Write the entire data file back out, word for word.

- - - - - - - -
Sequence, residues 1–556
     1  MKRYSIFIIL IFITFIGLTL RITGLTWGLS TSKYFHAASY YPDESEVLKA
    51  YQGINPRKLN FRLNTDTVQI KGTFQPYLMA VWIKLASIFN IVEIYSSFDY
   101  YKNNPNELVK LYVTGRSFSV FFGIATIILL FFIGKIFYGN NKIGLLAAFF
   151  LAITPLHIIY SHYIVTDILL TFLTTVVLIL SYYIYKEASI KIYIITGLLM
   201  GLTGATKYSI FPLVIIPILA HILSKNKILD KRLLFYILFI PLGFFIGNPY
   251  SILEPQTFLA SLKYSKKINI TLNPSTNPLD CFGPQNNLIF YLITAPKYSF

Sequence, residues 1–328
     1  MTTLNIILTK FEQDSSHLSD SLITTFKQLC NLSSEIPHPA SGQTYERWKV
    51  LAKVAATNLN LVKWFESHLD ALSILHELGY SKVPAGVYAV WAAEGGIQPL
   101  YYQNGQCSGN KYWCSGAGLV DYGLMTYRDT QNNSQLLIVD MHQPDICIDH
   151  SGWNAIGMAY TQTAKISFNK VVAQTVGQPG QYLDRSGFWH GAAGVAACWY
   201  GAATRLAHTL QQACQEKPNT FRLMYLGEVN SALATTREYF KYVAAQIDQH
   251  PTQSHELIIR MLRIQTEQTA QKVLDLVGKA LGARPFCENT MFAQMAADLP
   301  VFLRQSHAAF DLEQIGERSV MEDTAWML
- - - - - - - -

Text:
Sequence, residues 1–556
     1  MKRYSIFIIL IFITFIGLTL RITGLTWGLS TSKYFHAASY YPDESEVLKA
    51  YQGINPRKLN FRLNTDTVQI KGTFQPYLMA VWIKLASIFN IVEIYSSFDY
   101  YKNNPNELVK LYVTGRSFSV FFGIATIILL FFIGKIFYGN NKIGLLAAFF
   151  LAITPLHIIY SHYIVTDILL TFLTTVVLIL SYYIYKEASI KIYIITGLLM
   201  GLTGATKYSI FPLVIIPILA HILSKNKILD KRLLFYILFI PLGFFIGNPY
   251  SILEPQTFLA SLKYSKKINI TLNPSTNPLD CFGPQNNLIF YLITAPKYSF

Sequence, residues 1–328
     1  MTTLNIILTK FEQDSSHLSD SLITTFKQLC NLSSEIPHPA SGQTYERWKV
    51  LAKVAATNLN LVKWFESHLD ALSILHELGY SKVPAGVYAV WAAEGGIQPL
   101  YYQNGQCSGN KYWCSGAGLV DYGLMTYRDT QNNSQLLIVD MHQPDICIDH
   151  SGWNAIGMAY TQTAKISFNK VVAQTVGQPG QYLDRSGFWH GAAGVAACWY
   201  GAATRLAHTL QQACQEKPNT FRLMYLGEVN SALATTREYF KYVAAQIDQH
   251  PTQSHELIIR MLRIQTEQTA QKVLDLVGKA LGARPFCENT MFAQMAADLP
   301  VFLRQSHAAF DLEQIGERSV MEDTAWML